Renters of Vancouver: “We took a big property management company to court”

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      "Renters of Vancouver” takes an intimate look at how the city's residents are dealing with the housing crisis.

      “My girlfriend and I were living in a building in New Westminster that was run by a large property management company. We decided that we wanted to move to Vancouver to reduce our commute time and live closer to our friends and family. To do that, we had to break a clause in our lease.

      “When we moved in, the landlord made us sign an addendum that said that if we left our home before our fixed-term was up, he would keep our $700 damage deposit. We found out that these additions are fairly common, and we actually saw the same agreement on my brother’s lease when he moved to Vancouver in late 2017.

      “When we were preparing to leave our suite, we gave 30 days of notice of our departure, and showed our unit to about 15 different potential tenants, for around three weeks. We provided multiple applications to rent the unit at the same monthly rate. Thankfully, the landlord was able to lease out the unit starting the day that we vacated.

      “Nevertheless, the landlord and property management company insisted on keeping our damage deposit.

      “That seemed unfair. We figured that if we vacated the unit and left it nice and clean, they could easily have someone move in as soon as we left. On top of that, they would most likely be able to get a bit more rent out of the situation.

      “We did some research, and found out that the clause we had signed to forfeit our deposit was unenforceable. It’s written in the Residential Tenancy Act that a landlord can’t just decide to keep a damage deposit. As long as the right notice is provided, and a tenant provides other similar applicants to take over the lease, the landlord can’t unreasonably deny the tenant the opportunity to move out. As well, if a landlord doesn’t lose any money as a result of damages or lost rent, they can’t withhold a tenant’s deposit.

      “When we brought this to the landlord’s attention, he just kept saying that it wasn’t true, and that we had signed a contract. Although that was the case, contracts don’t supersede laws set out by the government. This didn’t seem to click with him, though, and he kept saying that this was standard procedure.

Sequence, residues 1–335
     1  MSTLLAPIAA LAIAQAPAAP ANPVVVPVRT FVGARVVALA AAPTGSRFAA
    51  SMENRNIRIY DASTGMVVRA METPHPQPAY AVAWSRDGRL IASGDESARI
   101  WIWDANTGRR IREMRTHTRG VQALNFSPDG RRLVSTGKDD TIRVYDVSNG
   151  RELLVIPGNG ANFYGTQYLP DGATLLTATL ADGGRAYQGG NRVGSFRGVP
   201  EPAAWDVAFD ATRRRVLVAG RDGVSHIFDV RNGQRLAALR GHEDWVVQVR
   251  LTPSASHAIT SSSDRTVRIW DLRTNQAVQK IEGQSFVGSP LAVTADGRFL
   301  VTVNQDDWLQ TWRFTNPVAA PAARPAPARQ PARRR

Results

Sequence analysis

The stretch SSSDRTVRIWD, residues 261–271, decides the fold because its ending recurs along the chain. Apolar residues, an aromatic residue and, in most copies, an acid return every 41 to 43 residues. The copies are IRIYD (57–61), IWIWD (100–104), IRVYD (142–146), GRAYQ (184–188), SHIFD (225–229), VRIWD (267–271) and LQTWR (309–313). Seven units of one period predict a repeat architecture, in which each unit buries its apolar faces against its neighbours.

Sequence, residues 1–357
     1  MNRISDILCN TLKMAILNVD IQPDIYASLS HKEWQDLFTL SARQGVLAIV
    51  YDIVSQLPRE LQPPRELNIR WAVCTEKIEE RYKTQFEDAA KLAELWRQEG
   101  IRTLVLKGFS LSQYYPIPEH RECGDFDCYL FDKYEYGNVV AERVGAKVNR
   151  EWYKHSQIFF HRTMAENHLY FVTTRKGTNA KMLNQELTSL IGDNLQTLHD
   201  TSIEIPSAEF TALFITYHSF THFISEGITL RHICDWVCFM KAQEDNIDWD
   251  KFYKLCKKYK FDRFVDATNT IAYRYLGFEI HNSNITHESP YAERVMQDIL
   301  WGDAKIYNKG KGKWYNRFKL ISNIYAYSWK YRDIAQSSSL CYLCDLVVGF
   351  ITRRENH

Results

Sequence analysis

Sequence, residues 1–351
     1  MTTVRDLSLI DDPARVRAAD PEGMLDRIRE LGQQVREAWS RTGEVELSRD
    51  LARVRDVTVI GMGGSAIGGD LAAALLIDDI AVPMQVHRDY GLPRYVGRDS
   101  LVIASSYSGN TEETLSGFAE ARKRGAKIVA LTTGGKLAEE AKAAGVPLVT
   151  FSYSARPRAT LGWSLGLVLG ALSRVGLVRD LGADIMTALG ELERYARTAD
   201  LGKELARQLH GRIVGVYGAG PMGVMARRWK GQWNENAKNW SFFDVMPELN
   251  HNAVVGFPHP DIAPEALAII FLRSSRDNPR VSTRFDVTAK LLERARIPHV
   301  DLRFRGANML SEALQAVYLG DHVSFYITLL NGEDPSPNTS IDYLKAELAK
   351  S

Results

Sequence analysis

“The worst thing was the aggressive negotiation tactics the property management company used to take as much money as they could from our deposit—even though they weren’t entitled to any of it. We’d bring up the fact that it was against the Tenancy Act, and they would say things along the lines of, ‘Well, we want to work with you here, so how about we only take $400 of your deposit instead.’ When we doubled down on the fact that it was against the law, and told them we were willing to bring this to the Residential Tenancy Branch, they would respond, ‘We’ve been down this road before with other tenants, and we’ve been able to recoup all of our money back. You’re probably better off just paying us a portion of the deposit’.

      “Luckily, my girlfriend and I had the time and resources to take them to court. A few months after, we had our hearing, and the property management company had to provide us our deposit back in full.

      “When big companies like these use such aggressive tactics to try and get as much money as possible from tenants, many people are taken advantage of. They might not fully understand the rules in place, or not have the time to take their case to the Residential Tenancy Branch.

      “I sympathise with landlords, because some tenants are awful and can cause a lot of damage to a property, or a loss of revenue. However, rents are already very high, moving is expensive, and taking an entire deposit even though the unit is rented directly after a tenant moves out seems unreasonable to me. As a landlord myself, I’d be quite happy if my tenant gave me 30 days’ notice, hired a professional cleaner upon vacating, and provided similar and qualified tenants willing to pay more for rent.

      “In this housing market, landlords rake in a ton of money—in our case close to $10,000 went to the property management company. That’s fine, but when monthly income to home expenses are at all all-time high, and you’re breaking the law to take someone else's hard-earned cash, I’d say there’s something wrong with the ethics of the company, and the representatives who knowingly enforce these practises.”

      Got a story to share? Tweet Kate Wilson here, or email k_wilson@straight.com 

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